Skip to main content


There are impressive images and videos about the big stories. … No Access is strongest when it tells stories you tend to call “little.” … No matter how cold it is in the Cannerberg, you don't really dare to walk away. ••••

Toef JaegerNRC

This foreboding darkness is the perfect setting for video art. And the subject matter is entirely in keeping with history. The artworks in Cannerberg concern what people leave behind, what they expect, how they travel, wait, suffer, move, and feel out of place, thus all of these things.

Anna van Leeuwende Volkskrant

No Access is an exhibition that I thought had already been made for a long time but is not. In the cave of Limburg, a broad overview is offered for the first time on a subject that concerns many people but that you rarely find in exhibitions, certainly not on this scale.

Domeniek RuytersMetropolis M

The exhibition is an ecosystem in itself. The complexity of migration is reflected in the bunker complex. There is no way out. This is the world. This is what we have to deal with.
Therefore, you should roam the space freely after viewing the video works and return to rooms you have already visited. As such, the works resonate with one another and convey even more meaning.

Frits DijcksJegens en Tevens art magazine

The former war headquarters is the macabre backdrop for video art about borders and migration. The videos are all confrontational. From horrifying to disconsolate, from eerily oppressive to extraordinarily heartbreaking. It’s not just the constant temperature of 10 degrees that gives you goosebumps here in the darkness.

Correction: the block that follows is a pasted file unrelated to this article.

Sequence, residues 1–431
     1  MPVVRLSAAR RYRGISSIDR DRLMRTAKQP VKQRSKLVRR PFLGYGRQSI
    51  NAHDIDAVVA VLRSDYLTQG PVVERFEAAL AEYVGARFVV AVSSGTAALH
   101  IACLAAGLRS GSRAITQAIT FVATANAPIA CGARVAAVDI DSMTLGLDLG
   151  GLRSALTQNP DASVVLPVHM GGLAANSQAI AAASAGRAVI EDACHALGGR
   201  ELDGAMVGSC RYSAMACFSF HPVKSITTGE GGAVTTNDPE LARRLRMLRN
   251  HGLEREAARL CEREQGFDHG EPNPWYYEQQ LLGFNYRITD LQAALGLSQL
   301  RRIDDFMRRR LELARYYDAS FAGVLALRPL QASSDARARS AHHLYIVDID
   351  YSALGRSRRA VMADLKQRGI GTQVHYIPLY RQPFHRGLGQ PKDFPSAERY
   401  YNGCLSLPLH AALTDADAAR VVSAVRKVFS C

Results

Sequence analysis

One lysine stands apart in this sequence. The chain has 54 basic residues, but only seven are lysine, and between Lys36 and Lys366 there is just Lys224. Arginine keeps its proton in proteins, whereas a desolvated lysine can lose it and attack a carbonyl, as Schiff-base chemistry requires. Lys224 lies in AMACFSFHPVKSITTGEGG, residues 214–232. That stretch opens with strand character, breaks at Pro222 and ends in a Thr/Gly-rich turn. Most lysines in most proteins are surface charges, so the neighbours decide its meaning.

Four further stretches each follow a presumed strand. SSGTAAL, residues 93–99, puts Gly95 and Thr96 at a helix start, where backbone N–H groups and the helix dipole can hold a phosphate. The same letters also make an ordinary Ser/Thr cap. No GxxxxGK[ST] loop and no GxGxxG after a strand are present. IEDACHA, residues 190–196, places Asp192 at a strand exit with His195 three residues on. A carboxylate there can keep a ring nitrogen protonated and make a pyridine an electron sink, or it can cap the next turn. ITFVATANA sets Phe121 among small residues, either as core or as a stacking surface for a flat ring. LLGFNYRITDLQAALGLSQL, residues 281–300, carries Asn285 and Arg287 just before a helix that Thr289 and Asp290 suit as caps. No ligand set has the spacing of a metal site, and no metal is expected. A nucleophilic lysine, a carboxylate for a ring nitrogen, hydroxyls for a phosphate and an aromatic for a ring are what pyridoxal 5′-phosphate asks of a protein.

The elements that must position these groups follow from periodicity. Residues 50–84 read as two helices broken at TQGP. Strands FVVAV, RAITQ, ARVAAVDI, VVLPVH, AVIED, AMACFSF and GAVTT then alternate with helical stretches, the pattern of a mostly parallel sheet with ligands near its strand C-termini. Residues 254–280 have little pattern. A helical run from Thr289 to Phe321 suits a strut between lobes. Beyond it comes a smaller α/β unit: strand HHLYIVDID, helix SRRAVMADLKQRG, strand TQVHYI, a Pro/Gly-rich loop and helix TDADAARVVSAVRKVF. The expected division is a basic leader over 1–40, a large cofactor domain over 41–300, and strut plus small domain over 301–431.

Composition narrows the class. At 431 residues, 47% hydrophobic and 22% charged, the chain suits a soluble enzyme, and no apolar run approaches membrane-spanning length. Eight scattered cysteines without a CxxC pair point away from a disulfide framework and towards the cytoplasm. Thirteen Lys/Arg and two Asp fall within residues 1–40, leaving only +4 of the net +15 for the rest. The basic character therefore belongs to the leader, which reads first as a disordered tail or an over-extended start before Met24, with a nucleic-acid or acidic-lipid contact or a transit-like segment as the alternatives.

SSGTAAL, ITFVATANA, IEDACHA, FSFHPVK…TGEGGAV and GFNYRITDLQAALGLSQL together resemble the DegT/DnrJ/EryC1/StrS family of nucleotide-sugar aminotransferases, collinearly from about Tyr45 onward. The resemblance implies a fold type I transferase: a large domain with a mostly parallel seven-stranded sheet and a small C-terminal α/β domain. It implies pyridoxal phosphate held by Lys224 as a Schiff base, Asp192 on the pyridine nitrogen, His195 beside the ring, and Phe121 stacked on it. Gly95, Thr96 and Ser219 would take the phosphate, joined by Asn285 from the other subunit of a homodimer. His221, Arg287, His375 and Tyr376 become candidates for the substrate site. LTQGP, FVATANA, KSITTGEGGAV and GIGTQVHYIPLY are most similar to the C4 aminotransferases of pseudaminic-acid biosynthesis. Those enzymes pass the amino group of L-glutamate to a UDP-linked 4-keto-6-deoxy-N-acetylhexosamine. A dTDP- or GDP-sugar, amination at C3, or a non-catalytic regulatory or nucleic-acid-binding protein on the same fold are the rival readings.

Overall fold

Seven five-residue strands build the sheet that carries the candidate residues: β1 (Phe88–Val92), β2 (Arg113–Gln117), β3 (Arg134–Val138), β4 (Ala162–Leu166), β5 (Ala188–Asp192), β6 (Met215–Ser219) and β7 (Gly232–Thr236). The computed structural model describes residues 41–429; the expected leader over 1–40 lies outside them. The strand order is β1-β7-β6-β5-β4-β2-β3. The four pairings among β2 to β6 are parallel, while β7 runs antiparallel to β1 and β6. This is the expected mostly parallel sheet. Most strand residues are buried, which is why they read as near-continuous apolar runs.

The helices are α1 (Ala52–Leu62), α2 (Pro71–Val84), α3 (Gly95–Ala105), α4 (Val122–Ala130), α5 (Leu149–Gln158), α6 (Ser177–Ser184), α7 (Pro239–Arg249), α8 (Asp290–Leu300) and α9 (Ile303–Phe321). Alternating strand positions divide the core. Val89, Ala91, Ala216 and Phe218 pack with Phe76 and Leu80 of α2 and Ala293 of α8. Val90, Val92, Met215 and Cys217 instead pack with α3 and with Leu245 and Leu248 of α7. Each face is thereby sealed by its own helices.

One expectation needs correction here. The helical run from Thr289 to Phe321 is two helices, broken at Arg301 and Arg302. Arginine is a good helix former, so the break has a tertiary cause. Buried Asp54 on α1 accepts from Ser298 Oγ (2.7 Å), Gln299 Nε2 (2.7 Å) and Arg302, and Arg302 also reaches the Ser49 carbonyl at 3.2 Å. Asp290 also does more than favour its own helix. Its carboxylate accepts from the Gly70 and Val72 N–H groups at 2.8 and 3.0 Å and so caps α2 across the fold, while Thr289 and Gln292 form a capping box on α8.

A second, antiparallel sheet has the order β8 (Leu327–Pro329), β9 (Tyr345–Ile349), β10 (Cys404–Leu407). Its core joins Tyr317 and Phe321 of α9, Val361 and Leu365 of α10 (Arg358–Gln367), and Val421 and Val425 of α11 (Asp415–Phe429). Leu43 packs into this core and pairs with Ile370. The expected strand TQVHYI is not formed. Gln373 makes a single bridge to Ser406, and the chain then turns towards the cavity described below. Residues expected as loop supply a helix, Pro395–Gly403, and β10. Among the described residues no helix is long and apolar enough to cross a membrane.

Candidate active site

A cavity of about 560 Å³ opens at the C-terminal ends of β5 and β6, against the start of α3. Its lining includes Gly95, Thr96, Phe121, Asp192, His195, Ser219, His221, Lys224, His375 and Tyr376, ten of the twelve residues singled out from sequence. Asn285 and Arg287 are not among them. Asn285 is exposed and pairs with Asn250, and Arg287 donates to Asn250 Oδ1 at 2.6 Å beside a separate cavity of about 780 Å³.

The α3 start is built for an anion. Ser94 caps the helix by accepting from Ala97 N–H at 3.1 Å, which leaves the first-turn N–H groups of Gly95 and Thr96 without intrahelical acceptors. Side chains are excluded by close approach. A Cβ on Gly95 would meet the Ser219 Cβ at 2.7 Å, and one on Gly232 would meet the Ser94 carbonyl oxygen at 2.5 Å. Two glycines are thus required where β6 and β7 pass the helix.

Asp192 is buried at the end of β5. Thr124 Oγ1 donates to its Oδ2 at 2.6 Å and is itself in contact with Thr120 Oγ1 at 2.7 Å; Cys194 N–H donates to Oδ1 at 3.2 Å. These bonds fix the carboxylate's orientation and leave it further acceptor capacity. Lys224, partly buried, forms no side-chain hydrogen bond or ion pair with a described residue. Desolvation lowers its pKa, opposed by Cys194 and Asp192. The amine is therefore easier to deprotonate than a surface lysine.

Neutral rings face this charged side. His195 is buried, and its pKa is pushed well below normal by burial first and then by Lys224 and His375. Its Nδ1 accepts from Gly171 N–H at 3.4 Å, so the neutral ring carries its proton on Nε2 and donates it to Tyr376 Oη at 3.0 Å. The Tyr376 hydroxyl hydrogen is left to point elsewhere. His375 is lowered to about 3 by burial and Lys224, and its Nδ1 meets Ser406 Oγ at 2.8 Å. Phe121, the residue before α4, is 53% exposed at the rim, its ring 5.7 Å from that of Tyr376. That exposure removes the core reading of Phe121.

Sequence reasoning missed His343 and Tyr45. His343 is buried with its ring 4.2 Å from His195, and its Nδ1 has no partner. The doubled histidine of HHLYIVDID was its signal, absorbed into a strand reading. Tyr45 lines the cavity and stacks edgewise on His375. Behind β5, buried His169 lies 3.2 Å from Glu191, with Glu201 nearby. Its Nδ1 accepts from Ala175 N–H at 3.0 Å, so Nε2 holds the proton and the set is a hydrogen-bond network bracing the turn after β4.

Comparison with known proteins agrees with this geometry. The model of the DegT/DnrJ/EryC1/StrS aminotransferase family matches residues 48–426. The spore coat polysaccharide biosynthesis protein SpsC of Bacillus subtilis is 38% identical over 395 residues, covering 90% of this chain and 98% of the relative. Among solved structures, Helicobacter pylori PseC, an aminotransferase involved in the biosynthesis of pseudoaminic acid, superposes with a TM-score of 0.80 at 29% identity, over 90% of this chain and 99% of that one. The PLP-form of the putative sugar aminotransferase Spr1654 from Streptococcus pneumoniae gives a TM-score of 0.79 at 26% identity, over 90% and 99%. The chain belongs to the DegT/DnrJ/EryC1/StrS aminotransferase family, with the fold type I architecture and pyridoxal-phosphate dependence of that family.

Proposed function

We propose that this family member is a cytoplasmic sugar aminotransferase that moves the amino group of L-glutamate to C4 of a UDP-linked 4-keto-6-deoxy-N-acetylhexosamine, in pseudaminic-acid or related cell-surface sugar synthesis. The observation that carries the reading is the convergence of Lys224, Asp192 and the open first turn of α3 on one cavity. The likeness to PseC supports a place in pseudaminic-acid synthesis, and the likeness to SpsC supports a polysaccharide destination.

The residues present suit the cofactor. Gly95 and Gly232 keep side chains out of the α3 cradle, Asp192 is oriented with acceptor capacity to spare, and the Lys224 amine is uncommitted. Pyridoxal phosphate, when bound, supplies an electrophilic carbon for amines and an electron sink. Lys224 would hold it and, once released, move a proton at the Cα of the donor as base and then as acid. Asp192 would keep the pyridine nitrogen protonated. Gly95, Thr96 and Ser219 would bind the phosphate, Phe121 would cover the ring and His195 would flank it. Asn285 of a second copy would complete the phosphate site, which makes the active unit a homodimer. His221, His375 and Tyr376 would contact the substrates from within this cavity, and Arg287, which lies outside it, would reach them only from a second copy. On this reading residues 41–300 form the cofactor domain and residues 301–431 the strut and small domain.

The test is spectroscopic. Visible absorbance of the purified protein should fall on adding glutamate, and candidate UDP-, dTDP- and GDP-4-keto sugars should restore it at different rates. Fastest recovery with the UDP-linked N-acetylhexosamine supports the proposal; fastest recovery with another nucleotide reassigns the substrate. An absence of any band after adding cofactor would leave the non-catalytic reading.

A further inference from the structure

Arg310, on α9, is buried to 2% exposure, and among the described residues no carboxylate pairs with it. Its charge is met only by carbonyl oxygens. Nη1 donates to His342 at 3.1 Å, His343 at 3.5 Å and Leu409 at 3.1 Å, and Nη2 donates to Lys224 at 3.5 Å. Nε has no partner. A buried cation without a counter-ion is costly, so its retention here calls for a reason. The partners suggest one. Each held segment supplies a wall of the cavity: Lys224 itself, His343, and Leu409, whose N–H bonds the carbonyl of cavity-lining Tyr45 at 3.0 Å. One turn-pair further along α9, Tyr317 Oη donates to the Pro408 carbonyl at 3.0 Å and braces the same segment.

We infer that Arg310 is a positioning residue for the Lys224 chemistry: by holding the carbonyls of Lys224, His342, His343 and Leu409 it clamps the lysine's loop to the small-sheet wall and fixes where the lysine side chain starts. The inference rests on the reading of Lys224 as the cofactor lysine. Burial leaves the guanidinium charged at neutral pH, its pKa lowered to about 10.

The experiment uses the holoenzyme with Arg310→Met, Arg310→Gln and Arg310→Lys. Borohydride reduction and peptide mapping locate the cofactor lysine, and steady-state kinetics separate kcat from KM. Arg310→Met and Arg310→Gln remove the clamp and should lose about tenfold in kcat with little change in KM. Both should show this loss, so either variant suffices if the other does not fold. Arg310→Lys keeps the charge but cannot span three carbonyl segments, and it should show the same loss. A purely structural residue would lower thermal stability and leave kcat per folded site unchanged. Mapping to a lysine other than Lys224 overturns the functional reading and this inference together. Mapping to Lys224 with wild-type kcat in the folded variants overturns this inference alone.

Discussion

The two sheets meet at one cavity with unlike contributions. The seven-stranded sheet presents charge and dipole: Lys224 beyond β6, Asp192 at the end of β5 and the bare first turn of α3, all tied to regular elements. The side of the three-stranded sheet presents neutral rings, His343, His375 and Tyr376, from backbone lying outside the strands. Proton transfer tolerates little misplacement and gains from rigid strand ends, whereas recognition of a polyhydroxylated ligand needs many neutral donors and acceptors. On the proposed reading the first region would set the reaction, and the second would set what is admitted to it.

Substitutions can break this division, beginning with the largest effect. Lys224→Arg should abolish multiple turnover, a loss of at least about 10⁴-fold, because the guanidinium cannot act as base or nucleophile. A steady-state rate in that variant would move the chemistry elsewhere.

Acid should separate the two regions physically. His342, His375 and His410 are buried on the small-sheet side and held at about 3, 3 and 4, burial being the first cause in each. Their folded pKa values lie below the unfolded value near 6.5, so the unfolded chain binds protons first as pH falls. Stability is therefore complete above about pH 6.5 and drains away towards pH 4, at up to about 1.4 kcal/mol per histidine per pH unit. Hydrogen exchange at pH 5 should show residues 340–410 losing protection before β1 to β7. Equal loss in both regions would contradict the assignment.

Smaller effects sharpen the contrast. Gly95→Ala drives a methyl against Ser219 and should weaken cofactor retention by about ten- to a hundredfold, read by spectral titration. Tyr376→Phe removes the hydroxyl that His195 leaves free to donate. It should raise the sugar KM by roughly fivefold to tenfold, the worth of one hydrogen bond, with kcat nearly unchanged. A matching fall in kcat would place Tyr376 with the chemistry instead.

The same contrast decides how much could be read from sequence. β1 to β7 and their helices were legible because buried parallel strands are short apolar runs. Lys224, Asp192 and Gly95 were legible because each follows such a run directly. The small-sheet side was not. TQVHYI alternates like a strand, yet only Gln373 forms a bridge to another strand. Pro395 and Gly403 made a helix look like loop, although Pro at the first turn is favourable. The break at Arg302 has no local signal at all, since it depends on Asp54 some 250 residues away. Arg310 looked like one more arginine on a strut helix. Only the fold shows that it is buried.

Vikkie BartholomeusDe Limburger

As impressive as that military complex is, it is precisely the people who get a voice here. People who have been displaced by military intervention and are looking for a place to live their lives safely…. An absolute must.

Niek HendrixLost Painters

No Access is an exhibition you wouldn’t have wanted to visit. It gives you the creeps, but you definitely shouldn’t miss it. The location is an excellent spot for making current events history tangible.

Ludo DielsZout Magazine

In a world abundant with information, media images and art about every possible misery of ‘others’, I have rarely had an experience where it all comes together so well that it REALLY touches you, speaks to you, and it doesn’t fade away you once you move on or leave the venue. It never feels too much, too heavy, or too intense, and instead keeps drawing me in. And if it gets too much, something poetic intervenes and gives me a glimmer of hope again.

Sasha DeesTrendbeheer art magazine

Is it the unique location of this Viewmaster project that pulls me in like a magnet? Or is it the topical theme? It’s probably the combination of both because they couldn’t have chosen a better location for No access.

Manon A. BernsChapeau Magazine

Whilst walking freely and absent of signs or direction, it feels as though the layered sounds of gunshots ricocheting, the swallowed noise of a heartbeat and soft voices are following, perhaps guiding you through the underground network. Disorientation is heightened by the geometric, non-linear walls as well as the monolithic, raw non-aesthetic of a bunker. As feelings inevitably surface of encroaching on a no-go zone and stepping into forbidden territory, one cannot help but be alert.

Mia BlacklawsObservant

During our working visit to Maastricht, the most special place was the former NATO Headquarters at Cannerberg whose damp and cold corridors are filled with the impressive video exhibition ‘No Access’ about borders and migration.

Jacob van der WaardenDirector Council for Culture on LinkedIn